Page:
Oh to live simply in the country; chickens clucking about, delivering eggs for breakfast; fruit and vegetables picked daily from the vine, placed fresh on the kitchen table; moonshine sucked straight from the still.

Though it certainly sounds idyllic, the reality is, living in the city precludes such wonders of nature, right?

Wrong. Just ask Erik Knutzen and Kelly Coyne how they turned their cozy Silver Lake home into an “Urban homestead.”

Or read their book, The Urban Homestead: Your Guide to Self-sufficient Living in the Heart of the City, which Knutzen is signing at The Environmental Change-Makers meeting, taking place Thursday, November 20th, in Westchester.

The Change-Makers are a circle of committed community members who meet on the fourth Thursday of every month. The goal of the group is to do precisely what their name implies: make changes.

According to co-founder Joanne Poyourow, the Change-Makers bring together neighbors, “who are interested in living greener, and interested in planning for our inevitable post-oil future. Through the group, we no longer feel alone as we plant vegetables, try out bicycle transportation, install rainwater harvesting, and take other steps toward making our lifestyles more sustainable.”

Poyourow initially found Knutzen by reading his blog, Homegrown Evolution: Vegetables, Chickens, Hooch, Bicycles and Cultural Alchemy.

Besides having a flair for titles, Knutzen appeals to would-be environmentalists on an economic level.

“In a way, this is a home economics book,” Knutsen says. “Growing your own food, cooking your own food, making your own beer, your own pickles—these are all money savers.”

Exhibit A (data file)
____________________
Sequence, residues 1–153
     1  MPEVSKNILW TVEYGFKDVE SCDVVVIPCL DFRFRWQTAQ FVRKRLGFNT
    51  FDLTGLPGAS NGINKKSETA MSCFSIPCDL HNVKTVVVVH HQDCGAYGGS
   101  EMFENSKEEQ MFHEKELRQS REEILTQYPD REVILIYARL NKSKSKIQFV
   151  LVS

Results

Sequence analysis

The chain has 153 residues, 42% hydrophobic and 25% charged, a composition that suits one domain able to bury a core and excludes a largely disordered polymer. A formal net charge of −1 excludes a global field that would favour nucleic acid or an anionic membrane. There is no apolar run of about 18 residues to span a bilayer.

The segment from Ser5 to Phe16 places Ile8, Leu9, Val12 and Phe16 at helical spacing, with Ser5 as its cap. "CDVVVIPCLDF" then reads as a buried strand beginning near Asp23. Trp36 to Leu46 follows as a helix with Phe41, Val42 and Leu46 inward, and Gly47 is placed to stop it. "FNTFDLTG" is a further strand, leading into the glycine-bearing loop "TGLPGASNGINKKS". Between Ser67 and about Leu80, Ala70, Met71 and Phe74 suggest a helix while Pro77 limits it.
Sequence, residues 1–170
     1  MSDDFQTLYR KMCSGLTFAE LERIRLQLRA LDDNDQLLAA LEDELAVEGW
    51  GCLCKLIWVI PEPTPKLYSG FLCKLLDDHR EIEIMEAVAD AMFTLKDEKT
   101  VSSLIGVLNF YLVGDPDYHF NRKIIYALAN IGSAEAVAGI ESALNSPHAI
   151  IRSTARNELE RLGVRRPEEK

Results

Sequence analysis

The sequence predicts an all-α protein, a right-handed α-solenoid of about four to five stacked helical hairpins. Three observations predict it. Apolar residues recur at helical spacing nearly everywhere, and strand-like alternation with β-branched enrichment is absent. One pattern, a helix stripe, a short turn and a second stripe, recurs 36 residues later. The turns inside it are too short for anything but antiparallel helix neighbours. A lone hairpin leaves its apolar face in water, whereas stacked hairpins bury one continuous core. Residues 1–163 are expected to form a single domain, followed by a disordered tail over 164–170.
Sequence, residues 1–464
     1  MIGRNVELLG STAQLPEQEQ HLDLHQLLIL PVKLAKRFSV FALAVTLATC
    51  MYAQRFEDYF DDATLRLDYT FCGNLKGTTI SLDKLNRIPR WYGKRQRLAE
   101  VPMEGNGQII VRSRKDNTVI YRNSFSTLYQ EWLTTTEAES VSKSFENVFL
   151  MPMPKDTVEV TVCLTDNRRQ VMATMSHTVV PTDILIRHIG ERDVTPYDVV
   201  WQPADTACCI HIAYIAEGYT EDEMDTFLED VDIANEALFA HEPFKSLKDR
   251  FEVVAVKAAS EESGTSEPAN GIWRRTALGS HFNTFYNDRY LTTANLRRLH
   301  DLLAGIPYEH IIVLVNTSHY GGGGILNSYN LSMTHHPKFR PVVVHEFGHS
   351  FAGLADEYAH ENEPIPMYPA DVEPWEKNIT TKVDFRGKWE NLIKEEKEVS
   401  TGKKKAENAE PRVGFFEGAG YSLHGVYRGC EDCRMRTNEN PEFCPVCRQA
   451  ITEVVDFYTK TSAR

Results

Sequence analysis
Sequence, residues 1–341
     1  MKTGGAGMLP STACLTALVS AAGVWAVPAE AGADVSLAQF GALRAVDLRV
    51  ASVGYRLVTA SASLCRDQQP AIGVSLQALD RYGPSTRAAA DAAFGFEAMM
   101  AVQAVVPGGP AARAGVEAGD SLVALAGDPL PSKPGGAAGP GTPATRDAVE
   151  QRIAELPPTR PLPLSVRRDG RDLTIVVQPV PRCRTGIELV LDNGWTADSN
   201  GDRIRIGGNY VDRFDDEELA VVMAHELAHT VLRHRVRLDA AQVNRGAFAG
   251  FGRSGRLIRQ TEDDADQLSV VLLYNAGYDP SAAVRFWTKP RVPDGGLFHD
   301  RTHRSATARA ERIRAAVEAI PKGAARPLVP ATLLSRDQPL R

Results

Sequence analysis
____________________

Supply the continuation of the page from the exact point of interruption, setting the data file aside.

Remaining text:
At this month’s meeting, Knutzen delivers a PowerPoint presentation, or as he says, “what used to be called a slide show.” He’ll detail ten simple transformations which every household can do to create “a more self-reliant lifestyle.”

Knutzen will describe how to use natural cleaning products instead of “household poisons,” how to grow your own food even if you live in an apartment, and how fermentation “is a symbol of transformation, of what we can do to transform the world.”

Any meeting that makes beer a transformative symbol is probably one worth checking out.

The Change-Makers have had many a meeting worth attending.

“They not only talk about what needs to happen, but they also get down to work and do things, like creating a garden to demonstrate how to do it and what can be achieved,” says Vidya Chaitany, director of Sivananda Yoga Center in Marina del Rey, who has attended a number of Change-Maker meetings. “It is very empowering for people to work with each other and realize that they can make small changes that can make a difference.”

At times, the environmental movement can seem a lot like a nagging mother. Knutzen and the Change-Makers seek to alleviate the guilt and play up the empowerment. “The environmental movement, like so many other movements in America is way too puritanical, yet many people, I think, find our culture’s emphasis on consumerism to be lacking.

“I’d rather think in terms of the pursuit of happiness, the search for a life based on truth, liberty, equality, a respect for each other and the natural world. In short a life of authenticity and the joy that comes with self-reliance, being able to create better households and better communities.”

All good reasons, of course. But perhaps not entertaining enough? According to Poyourow, “It’s fun to reach out to others, to connect, and to share environmental solutions.”

Homemade hooch certainly adds to the fun.

Thursday, November 20, 7 to 9 p.m., at The Holy Nativity Church at 6700 W. 83rd St., Westchester. (310) 670-4777. Free and open to all. Information, (310) 670-4777.